The Passengers

Will Ashon

24 August 2022
Headshot of Will Ashon.

Will Ashon’s book The Passengers offers a glimpse into the hearts and minds of people across the British Isles (including Dumfries and Galloway!). From October 2018 to March 2021 he spoke to more than 100 people by phone, in person or online. They told him their hopes, dreams and secrets. The book has been highly praised by the The Guardian and others. We asked Will five questions ahead of his appearance at Wigtown Book Festival.

Did what people told you affect your image of British society today?

I think what people told me affected my image of people, rather than of British society, which seems a more nebulous concept than ever. Being forced to engage with other humans always reminds me that most people are alright - thoughtful, self-aware and generous towards others (although it’s possible that this is self-selecting as these types of people are more likely to consent to being interviewed).

We’ve been encouraged for the last 40 years to think of ourselves as atomised individuals rather than as part of a complex organism called society. This tends to lead to mistrust of others and makes it easy to hype conflicts between apparently opposed groups (culture wars, for want of a better term). This means that we miss the huge commonalities that we share and fight like rats in a sack whilst the people who benefit from this lack of unity cream huge profits off the top of us all. I read recently that in workplaces where everyone has a say on wages, the normal distribution agreed upon is that the top earners get 5 times as much as the bottom earners. How far are we from that?! And this is exactly why the people at the top end of our distribution of wealth and income don’t want us all talking to each other as equals.

How did you come to speak to people in Galloway?

I developed a lot of methods for finding people to interview for the book, the idea being to allow some element of chance into the process - some examples are going hitchhiking and interviewing everyone who gave me a lift, or writing letters to random addresses. Another idea I had was to get a map of Britain and then draw lines on it, before finding interviewees along these lines. The first one I drew ran from where I now live through where I grew up. That line eventually ended up passing just south of St Kilda, but also went right through Dumfries and Galloway.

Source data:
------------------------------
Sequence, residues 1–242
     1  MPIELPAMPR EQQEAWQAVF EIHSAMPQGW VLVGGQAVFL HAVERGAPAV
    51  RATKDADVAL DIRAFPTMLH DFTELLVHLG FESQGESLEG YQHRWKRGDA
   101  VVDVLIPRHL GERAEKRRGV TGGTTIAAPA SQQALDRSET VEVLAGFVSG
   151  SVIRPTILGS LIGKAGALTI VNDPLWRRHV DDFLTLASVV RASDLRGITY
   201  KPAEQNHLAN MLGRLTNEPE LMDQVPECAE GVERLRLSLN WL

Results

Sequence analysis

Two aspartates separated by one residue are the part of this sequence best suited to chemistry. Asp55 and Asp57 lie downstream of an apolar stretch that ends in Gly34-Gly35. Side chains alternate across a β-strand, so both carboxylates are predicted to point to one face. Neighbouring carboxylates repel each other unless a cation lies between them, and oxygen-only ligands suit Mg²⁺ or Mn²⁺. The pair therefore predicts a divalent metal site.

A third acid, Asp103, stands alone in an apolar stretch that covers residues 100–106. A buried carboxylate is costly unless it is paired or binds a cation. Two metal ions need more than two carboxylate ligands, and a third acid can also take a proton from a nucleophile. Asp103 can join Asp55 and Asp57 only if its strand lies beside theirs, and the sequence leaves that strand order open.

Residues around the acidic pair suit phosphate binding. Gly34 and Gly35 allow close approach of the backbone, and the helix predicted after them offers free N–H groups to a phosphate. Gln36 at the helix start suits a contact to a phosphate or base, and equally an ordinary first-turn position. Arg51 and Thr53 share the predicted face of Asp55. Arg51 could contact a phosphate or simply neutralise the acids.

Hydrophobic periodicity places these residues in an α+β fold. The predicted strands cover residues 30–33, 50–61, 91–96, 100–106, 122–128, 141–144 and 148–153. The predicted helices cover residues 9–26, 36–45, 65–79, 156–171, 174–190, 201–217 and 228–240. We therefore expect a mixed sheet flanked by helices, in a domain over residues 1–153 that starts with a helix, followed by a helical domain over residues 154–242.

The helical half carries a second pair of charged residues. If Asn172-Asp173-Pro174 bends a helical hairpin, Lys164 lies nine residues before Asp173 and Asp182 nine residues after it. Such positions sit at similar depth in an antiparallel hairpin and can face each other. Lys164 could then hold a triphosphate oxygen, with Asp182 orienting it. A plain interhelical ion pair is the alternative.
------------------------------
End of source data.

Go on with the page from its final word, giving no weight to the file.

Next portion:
I came to Wigtown in 2017 to talk about my book Strange Labyrinth, so I emailed Adrian a picture of the line and asked if he knew anyone who lived along it. Adrian instead suggested that I join the festival again, which was online that year. So I came along for the Bookshop Band’s morning “chat show” and put my appeal out via this route. I got what I needed….!

Do you think the responses you had would have been very different in the past - say the 80s?

I think what the book is about, at root, is what it feels like to be alive at a particular time and place - here and now. Some things about what it feels like to be alive are fairly universal, others are extremely specific. So I think I would’ve got completely different answers in the ‘80s but something in them would still mean something to us now. On one scale we are all very different, but on another we are all pretty much the same. If you read Henry Mayhew’s monologues in “London Labour and the London Poor” the lives evoked seem very alien to our own but also very similar, essentially human.

Do people find it easier to confide in a stranger - even one writing a book about what they say?

One of the things I decided early on was that I would always choose to believe my interviewees, unconditionally and at all times. Also, I suppose I chose to believe in their ‘goodness’. I wonder whether treating people in this way affected how they answered and what they said? i.e. whether it’s easier to confide in someone who you don’t feel judged by (or who you feel judged well by). Lots of people said it was like a free therapy session, which is terrifying, as I am not a therapist! But maybe that’s what they meant - that it felt safe in some way, less because I was a “stranger” than because they felt that I was “on their side.” Although many of the conversations were actually quite short, it was also very intimate. That was interesting and uncomfortable and fascinating all at once.

Is there anything distinctively British (Scottish, Welsh, English, Northern Irish) in what people said - or would you have got much the same in France, the USA or Japan?

See my answers above! I’m not sure the nation-state is really such a great way for dividing people into groups and divining ‘character’ - usually this is used as a consent-building project for some sort of exclusion, appropriation, war or imperial venture. I would love to see a world without borders. It is true, however, that each of us has a character formed from very specific things; our relationship with the adults who raised us, geography, education. But also very general things (our relationship with the adults who raised us, geography, education etc!). So the book would have been very different if I had interviewed any other 179 people, whether they were all from France or Japan, or indeed all from Dumfries and Galloway. But I think, at its root, it would have been pretty much the same. When you think about it, it’s so remarkable to be alive and conscious of being alive, even if only for a blink of an eye in terms of the universe we exist in. And I think it’s that spark of life which animates the book through these specific testimonies.